|30 Ky.L.Rptr. 777|
|Court of Appeals of Kentucky.|
|GRAY v. PARROTT & JONES.|
|Feb. 12, 1907.|
Appeal from Circuit Court, Knox County.
"Not to be officially reported."
Action by Parrott & Jones against J. T. Gray.
Judgment for plaintiffs. Defendant appeals.
This action was instituted by appellees in the Knox quarterly court against appellant for a balance of $159.80 due them on a lot of sawing which they had done for appellant. Appellant answered, and controverted the allegations of the petition, and filed a counterclaim, in which he claimed that appellees, by excessive slabbing of the logs, by reason of not sawing the lumber in a careful and skillful manner, and by failing to stack the lumber according to contract, had damaged him in the sum of $750. On motion, the case was then removed to the Knox circuit court, after which appellees filed an amended petition, in which they stated that they had entered into a contract with appellant by which appellant was to furnish them sawing to the amount of 500,000 feet; and they were to be paid for the sawing $3 per 1,000 feet; that they had been ready, able, and willing to perform their contract, but appellant had only furnished them the amount of 335,193 feet; that he had willfully and wrongfully discharged them from the work; that they were thereby damaged in the sum of $164.90, the amount of profit that would have made if they had been permitted to complete their contract. They further alleged that they had a contract with appellant, whereby he was to move their mill from one set to another when the amount of timber furnished at a set failed to make as much as 100,000 feet; and that two of the sets failed to make that amount, and they were compelled to move the mill at a cost of $75. This amendment was controverted by appellant. On a trial before a jury, a verdict was returned, and a judgment rendered for the exact amount claimed by appellees in their original petition.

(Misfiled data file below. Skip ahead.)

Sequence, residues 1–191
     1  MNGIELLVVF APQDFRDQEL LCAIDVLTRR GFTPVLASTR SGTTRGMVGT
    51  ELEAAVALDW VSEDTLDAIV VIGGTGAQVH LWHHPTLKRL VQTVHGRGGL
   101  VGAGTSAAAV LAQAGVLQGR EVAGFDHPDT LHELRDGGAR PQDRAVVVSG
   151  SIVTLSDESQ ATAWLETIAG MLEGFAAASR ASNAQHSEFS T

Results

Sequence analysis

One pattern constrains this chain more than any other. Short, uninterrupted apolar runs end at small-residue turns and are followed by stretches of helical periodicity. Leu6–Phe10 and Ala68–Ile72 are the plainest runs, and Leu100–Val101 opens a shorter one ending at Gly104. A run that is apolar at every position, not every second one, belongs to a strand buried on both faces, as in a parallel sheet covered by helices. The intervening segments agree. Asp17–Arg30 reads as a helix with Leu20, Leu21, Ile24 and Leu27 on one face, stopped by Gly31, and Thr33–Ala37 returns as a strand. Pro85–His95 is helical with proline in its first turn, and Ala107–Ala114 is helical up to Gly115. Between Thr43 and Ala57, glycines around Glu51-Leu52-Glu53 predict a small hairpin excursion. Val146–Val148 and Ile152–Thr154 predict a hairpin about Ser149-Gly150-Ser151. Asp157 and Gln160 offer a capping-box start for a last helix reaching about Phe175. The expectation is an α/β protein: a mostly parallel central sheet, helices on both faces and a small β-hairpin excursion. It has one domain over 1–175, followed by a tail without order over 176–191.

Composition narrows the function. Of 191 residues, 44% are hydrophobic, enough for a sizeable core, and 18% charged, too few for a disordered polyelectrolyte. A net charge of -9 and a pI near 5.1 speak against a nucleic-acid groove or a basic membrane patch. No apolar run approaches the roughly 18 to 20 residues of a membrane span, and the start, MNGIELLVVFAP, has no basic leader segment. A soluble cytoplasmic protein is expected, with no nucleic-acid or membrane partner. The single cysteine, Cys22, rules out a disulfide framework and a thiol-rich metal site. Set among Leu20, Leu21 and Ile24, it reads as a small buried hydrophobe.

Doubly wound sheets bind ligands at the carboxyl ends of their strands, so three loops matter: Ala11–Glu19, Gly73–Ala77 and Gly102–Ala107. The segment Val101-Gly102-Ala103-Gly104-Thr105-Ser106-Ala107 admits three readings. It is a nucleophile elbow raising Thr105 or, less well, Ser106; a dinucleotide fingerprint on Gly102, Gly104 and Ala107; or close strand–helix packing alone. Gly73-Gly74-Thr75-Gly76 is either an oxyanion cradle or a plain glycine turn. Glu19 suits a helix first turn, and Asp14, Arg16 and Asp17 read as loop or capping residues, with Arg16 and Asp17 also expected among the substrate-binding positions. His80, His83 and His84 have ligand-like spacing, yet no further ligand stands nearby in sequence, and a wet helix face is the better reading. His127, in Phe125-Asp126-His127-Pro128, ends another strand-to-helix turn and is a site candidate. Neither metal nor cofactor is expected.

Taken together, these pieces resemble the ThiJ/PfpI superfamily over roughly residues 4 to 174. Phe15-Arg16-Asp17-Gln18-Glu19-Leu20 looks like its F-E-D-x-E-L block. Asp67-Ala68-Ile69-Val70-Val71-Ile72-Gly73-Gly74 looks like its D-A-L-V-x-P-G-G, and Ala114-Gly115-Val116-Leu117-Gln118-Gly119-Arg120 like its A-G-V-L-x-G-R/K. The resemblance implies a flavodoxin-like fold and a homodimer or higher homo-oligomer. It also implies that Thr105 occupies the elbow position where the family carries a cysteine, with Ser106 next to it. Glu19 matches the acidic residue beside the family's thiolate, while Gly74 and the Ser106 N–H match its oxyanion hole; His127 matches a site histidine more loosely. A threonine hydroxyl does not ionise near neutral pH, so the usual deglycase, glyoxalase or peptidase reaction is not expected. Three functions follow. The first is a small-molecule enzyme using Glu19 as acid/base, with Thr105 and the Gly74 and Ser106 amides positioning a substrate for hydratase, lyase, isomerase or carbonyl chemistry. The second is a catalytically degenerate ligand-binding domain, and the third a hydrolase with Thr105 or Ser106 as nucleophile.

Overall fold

Appellant's grounds for a new trial are as follows: "First, because the amount of recovery was too large, and because of error of the jury in the assessment of the amount of recovery. Second, because the verdict and decision is not sustained by sufficient evidence, and is contrary to law. Third, because the court erred in admitting incompetent evidence offered by plaintiffs, and erred in rejecting competent evidence offered by the defendant." The testimony produced by the parties is very conflicting. There was sufficient evidence to authorize the jury to find a verdict for either party. One of the grounds provided by the Code for a new trial is that the verdict is not sustained by sufficient evidence. But this court will reverse upon that ground only when the verdict is clearly and palpably against the weight of the evidence.
Appellant complains in his brief that the court erred in the instructions to the jury; but, even if the court did err in the instructions, the appellant is not in a position to take advantage thereof, as he made no objections, and took no exceptions to them. A party cannot assail a verdict as contrary to law if it is justified by the instructions given the jury as the law. He must assail the instructions as the author of his calamity. The appellant also failed to assign as grounds for new trial that the court erred in the instructions given the jury; consequently he cannot rely on it for a reversal of the judgment in this court.
For these reasons, the judgment of the lower court is affirmed.
GRAY v. PARROTT & JONES.
99 S.W. 640, 30 Ky.L.Rptr. 777
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